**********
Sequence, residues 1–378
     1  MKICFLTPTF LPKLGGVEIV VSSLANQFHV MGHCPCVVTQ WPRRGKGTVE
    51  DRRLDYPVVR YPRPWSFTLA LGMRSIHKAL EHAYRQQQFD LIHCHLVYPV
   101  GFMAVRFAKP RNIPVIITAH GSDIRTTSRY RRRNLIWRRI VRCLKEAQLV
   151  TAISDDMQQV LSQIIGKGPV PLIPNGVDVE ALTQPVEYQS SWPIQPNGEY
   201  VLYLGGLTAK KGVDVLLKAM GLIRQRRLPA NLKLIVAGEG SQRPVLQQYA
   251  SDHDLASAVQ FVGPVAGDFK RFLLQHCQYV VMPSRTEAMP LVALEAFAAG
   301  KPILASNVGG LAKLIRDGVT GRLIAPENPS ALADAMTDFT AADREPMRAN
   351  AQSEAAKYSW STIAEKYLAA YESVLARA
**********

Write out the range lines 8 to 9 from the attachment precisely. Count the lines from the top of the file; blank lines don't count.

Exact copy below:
   301  KPILASNVGG LAKLIRDGVT GRLIAPENPS ALADAMTDFT AADREPMRAN
   351  AQSEAAKYSW STIAEKYLAA YESVLARA